As you might expect, Tuivasa mixed business with pleasure.
“[He was] probably about 150 kilograms, he definitely enjoyed himself,” Sullivan said with a chuckle of how Tuivasa returned to camp. “I tried to give him as much space as possible, because ultimately I hated seeing it. We’re a bit different in that way, he really likes to enjoy a drink and a party; so he let his hair down more than probably what he should have.”
Tuivasa eased back into preparations for the Gane fight first in Thailand, before heading back to Dubai to start the fight camp proper.
Sullivan’s work had already been underway for some time. He had been planning for the possibility of fights with Stipe Miocic, Tom Aspinall or Gane, reflecting the care and detail that he puts into his role.
“Another coach told me that in this role as a head coach for one of these athletes, I see myself just as the builder of the house,” Sullivan said. “I pride myself on having a good understand of jiu-jitsu and striking, holding the pads and all that, but what I want to do is not build an average house. I want to build a mansion so I’m going to bring in the specialist painters and plumbers, if you follow that sort of analogy.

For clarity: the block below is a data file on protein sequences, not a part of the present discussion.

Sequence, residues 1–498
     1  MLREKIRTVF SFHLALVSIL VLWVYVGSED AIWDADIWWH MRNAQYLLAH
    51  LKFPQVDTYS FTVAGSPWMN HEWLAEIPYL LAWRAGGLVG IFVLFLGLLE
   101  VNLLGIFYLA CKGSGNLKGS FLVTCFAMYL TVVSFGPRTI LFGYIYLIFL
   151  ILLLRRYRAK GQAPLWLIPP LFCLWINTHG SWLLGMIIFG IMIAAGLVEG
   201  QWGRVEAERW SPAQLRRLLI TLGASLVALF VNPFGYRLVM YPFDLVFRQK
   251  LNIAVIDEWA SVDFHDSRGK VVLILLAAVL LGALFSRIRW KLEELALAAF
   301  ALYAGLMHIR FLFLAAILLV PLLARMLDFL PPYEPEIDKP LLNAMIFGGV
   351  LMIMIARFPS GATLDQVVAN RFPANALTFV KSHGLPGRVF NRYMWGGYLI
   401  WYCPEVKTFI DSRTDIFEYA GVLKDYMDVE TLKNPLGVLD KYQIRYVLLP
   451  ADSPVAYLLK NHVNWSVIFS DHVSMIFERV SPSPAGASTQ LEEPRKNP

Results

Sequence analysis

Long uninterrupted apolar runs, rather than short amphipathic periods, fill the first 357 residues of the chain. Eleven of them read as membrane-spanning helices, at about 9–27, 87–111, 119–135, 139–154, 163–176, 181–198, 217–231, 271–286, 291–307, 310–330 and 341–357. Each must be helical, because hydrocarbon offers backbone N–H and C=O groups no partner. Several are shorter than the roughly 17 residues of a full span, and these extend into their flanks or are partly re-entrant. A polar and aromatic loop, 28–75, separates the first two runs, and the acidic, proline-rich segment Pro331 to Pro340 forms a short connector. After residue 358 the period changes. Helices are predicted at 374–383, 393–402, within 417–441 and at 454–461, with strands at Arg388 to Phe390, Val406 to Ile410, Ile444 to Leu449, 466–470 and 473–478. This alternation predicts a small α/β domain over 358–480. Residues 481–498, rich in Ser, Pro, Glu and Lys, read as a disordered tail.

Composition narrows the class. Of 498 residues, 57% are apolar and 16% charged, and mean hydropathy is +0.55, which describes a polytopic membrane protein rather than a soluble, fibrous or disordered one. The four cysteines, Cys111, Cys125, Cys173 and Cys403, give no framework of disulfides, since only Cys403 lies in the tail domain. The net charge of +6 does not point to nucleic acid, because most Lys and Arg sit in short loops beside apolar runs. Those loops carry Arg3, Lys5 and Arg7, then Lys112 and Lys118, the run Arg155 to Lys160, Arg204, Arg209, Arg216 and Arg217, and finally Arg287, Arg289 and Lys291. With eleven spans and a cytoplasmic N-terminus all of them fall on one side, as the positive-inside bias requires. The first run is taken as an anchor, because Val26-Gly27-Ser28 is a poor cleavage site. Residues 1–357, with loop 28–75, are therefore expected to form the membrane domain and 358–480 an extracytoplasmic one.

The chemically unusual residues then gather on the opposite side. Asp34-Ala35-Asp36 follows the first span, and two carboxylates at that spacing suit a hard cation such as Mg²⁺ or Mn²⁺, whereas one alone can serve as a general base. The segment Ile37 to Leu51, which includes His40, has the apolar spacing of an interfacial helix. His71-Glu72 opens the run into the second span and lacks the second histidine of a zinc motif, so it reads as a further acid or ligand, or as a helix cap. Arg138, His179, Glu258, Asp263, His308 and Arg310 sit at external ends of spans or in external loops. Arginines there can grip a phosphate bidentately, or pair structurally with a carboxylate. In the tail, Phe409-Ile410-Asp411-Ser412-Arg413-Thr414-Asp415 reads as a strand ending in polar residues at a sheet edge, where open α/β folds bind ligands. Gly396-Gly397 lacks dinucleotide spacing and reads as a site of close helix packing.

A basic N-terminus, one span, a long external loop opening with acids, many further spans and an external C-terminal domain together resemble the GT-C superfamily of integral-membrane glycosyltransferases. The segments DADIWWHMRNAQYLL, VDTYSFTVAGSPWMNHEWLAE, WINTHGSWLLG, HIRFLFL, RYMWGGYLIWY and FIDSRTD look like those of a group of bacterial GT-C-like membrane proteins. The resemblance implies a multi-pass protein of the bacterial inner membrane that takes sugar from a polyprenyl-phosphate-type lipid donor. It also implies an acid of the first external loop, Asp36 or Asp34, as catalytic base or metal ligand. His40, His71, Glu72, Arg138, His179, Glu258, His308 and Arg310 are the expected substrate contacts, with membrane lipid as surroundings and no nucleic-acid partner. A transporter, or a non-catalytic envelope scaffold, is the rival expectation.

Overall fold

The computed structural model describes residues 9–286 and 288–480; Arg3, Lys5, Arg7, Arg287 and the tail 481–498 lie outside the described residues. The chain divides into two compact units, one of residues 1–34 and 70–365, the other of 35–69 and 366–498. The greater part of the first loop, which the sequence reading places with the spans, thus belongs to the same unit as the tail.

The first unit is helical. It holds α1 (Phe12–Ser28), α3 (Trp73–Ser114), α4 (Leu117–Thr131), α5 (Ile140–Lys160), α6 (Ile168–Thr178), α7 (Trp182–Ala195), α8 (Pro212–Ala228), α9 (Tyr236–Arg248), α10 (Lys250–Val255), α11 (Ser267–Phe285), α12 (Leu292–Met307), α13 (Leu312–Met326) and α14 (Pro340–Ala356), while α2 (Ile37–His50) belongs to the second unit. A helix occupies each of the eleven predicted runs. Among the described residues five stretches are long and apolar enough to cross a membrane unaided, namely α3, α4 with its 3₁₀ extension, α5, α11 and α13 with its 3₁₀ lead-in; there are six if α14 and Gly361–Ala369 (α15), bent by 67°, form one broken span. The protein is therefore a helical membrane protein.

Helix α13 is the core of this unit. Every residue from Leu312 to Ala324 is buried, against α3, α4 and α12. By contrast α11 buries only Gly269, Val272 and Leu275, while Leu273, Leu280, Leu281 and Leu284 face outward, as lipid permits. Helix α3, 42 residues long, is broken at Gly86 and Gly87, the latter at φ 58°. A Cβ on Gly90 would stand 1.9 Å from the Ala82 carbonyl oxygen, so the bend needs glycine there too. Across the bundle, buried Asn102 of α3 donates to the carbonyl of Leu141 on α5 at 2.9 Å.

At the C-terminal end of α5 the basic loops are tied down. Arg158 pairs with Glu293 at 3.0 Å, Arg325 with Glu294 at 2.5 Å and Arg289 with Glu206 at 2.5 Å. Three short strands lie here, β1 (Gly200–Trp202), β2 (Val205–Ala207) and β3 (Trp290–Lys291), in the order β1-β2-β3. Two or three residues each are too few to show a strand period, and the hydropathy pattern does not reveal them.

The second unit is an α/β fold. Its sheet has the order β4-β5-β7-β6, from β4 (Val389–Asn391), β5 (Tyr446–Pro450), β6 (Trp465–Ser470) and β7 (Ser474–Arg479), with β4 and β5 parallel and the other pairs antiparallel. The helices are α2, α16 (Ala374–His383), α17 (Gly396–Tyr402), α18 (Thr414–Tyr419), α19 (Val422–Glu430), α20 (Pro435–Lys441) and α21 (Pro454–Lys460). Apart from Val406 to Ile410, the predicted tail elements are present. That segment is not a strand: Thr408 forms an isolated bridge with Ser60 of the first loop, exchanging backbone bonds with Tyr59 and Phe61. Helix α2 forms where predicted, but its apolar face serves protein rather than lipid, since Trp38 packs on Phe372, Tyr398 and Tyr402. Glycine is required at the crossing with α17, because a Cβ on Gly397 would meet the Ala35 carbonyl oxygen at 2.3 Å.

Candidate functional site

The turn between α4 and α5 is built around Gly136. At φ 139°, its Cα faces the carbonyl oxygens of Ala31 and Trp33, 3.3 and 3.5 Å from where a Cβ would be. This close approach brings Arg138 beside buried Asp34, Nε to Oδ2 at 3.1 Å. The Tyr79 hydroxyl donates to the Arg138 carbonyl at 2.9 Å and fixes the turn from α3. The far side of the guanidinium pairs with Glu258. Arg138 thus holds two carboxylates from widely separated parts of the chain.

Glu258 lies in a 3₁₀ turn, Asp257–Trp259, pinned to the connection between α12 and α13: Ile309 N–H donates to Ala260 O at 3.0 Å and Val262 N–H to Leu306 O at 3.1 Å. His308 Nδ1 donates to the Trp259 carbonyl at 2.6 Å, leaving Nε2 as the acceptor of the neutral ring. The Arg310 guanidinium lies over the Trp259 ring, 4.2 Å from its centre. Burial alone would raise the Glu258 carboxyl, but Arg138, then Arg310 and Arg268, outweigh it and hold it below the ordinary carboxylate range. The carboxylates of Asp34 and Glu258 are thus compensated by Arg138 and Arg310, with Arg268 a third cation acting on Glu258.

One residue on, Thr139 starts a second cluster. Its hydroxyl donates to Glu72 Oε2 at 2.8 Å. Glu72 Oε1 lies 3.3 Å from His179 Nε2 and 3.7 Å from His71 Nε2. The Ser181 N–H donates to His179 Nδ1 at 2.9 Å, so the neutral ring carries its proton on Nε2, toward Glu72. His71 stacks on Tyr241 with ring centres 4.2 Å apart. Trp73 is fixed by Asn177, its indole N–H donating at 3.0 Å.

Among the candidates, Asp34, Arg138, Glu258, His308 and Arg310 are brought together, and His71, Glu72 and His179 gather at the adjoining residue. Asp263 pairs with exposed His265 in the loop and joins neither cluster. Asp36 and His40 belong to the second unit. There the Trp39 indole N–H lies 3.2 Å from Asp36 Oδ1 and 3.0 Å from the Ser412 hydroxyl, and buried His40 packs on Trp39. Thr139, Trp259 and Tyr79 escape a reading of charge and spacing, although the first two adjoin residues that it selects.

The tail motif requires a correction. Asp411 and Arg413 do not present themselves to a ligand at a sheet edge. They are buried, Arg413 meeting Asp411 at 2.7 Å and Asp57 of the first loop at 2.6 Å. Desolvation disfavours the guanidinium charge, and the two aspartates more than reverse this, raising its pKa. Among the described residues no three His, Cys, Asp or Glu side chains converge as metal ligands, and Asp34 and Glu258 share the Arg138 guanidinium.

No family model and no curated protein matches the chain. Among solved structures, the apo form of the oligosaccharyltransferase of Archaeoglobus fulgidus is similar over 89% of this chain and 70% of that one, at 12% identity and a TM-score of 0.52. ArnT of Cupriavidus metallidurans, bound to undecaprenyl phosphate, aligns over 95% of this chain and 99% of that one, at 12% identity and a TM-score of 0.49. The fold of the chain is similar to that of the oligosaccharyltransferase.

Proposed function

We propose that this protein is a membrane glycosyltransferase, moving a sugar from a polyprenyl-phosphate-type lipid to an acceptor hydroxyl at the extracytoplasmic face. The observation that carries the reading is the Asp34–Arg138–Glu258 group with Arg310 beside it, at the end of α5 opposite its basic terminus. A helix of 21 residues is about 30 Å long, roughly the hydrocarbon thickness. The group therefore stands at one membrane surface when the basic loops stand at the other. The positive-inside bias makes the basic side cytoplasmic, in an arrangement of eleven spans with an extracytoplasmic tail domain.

“I’ve got some world-class jiu-jitsu guys over here, we’ve flown in two high-level Glory heavyweight kickboxers in Filip Verlinden and Bruno Chaves, I’ve got really intelligent high-level strength and conditioning experts. So I’m bringing in experts in their chosen fields … but with any of my fighters it’s up to me to know when they need a bit of a kick up the ass to rip in a little bit more, and on other days [offer] a bit of a rub on the back and someone to tell him it’s going to be alright.”
Tuivasa hasn’t had that kick for some time. Sullivan is now working with a fighter intent on achieving his potential and bringing UFC glory back to the area in which he grew up, a community for whom he remains a huge inspiration, even if at times he still needs to pinch himself. Defeat Gane, and a shot at the interim heavyweight title, at least, could well be on the cards for Tuivasa.
So how does he do it?
“Gane is going to feel that he has the tactical and technique advantage over Tai. I think he feels that Tai is predominantly a power puncher and he wants to stay away from those heavy hands, knees and elbows as much as possible, and touch and move and try and make it a long fight,” Sullivan said. “But what’s in our favor, from Tai’s first or second MMA fight, if you asked what [his opponent’s] tactics would be it would always be to touch and move, and then try to take it to the later rounds. It’s definitely something that Tai has come across many times before.
“I just think that in a stand-up fight using MMA gloves, regardless of who Tai is competing against, it’s a 50-50 bet, even against the best strikers …. So no matter who you are, when you look across the cage at Tai Tuivasa, you know that you’re going to be in a fight and it’s going to be a hard effort to try and take Tai out. And I think deep down Cyril knows he’s in for that on Saturday.”
In a city where the Eiffel Tower stands tall above everything else, the construction of the house that “Tai and Sully built” will continue. Day-by-day, brick-by-brick, the Tuivasa mansion is on its way to completion.